Running the Women’s Land Army: Balcombe Place
2019 marks 80 years since the Women’s Land Army – a civilian organisation run entirely by women – was set up for the Second World War. The 2019 series of monthly posts will focus on what it meant to run the Women’s Land Army. What were the arrangements to place over 200,000 women as Land Girls on farms from 1939 to 1950? Who was behind the co-ordination of this national effort?
While many know something about the women who worked on the land and in the forests of Britain, what is less well-known is the significant administrative efforts which lay behind the networks of women employed by the WLA.
Our first post in this series looks at Balcombe Place – the headquarters of the Women’s Land Army in Haywards Heath, Sussex. In 1944, Vita Sackville-West wrote that Balcombe was the ‘big, pumping heart at the centre of the organisation’.
The Tudor mansion, set in 3,000 acres of land belonged to Lady Gertrude Denman. She had the estate given to her by her father just 39 years before. Lady Denman was the Honorary Director of the WLA; ‘Honorary’ because she insisted on not being paid.
As historian Carol Twinch writes, ‘Balcombe was…an awe-inspiring place…with its wide oak staircases, panelling, and red velvet curtains’.
According to The Land Girl magazine, for two days in August 1939:
vans piled to and fro on the London road bringing to us our office furniture, our files, our papers, and last, but not least, the big central index where every enrolled Land Army volunteer has her own index card.The Land Girl, April 1940, p. 6. Coincidentally these same cards are stored at the Imperial War Museum today.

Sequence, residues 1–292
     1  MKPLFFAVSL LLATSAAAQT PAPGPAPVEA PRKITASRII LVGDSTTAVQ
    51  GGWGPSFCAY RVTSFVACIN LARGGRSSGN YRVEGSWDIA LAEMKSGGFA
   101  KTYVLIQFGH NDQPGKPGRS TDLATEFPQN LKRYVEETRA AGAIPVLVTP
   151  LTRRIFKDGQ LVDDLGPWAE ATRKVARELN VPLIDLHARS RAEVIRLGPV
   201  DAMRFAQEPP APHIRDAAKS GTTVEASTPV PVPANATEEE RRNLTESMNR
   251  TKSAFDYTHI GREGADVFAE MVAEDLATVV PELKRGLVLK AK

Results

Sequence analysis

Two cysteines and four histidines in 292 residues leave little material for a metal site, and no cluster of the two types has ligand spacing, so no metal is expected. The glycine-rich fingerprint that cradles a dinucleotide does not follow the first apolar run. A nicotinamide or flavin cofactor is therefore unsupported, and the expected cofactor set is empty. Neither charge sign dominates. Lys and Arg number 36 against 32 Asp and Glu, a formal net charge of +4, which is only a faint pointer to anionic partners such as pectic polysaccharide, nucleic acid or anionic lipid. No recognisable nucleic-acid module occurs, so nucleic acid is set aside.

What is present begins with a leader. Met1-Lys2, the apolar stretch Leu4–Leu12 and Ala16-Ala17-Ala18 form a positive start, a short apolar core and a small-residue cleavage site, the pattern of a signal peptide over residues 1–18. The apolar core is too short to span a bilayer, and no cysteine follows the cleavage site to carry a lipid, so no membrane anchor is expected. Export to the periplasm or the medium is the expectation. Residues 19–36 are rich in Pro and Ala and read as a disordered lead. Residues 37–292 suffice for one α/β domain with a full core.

Originally, theWLA HQ employed 38 administration staff, including:
- 14 senior officers (7 of them, regional directors)
- 7 senior members,
- 35 clerks and typists.
Uniforms were stored in the stables and on the squash courts; livestock on the tennis courts – rabbits, poultry, and pigs according to Vita Sackville-West! Employees were lucky enough to be able to spend their free time using the outdoor swimming pool, dancing, and listening to music, or playing table tennis or darts.
Edna Stephenson, one of the typists for the Ministry of Agriculture recounts how:
‘We relaxed in the music room and had country dancing there. In winter when the lake froze, we started skating and Lady Denman lent me her skating boots’.Carol Twinch, ‘Women on the Land: Their Story During Two World Wars’, p.65.
Later, briefly, the WLA moved to 4-6 Chesham Street in London, but the administration moved swiftly back in May 1944, following the ‘Doodle Bug’ bombings there. When they returned to Balcombe, Maureen Strong, one of the typists, remembers how they were housed in the servant’s quarters this time…not quite such a luxurious set up.
Inez Jenkins took over as Chief Administrative Officer at the end of the war in 1945, until the disbandment of the WLA on 30 November 1950.
Find out more
Clarke, Gill. The Women’s Land Army: A Portrait. Sansom & Company Ltd, 2008, pp. 64-66.
Kramer, Ann. Land Girls and Their Impact. Barnsley: Remember When, 2008, pp. 17-19
Sackville-West, Vita. The Women’s Land Army. London: M. Joseph, 1944, pp. 10-11
Twinch, Carol. Women on theLand: Their Story During Two World Wars. Lutterworth Press, 1990, pp. 66-70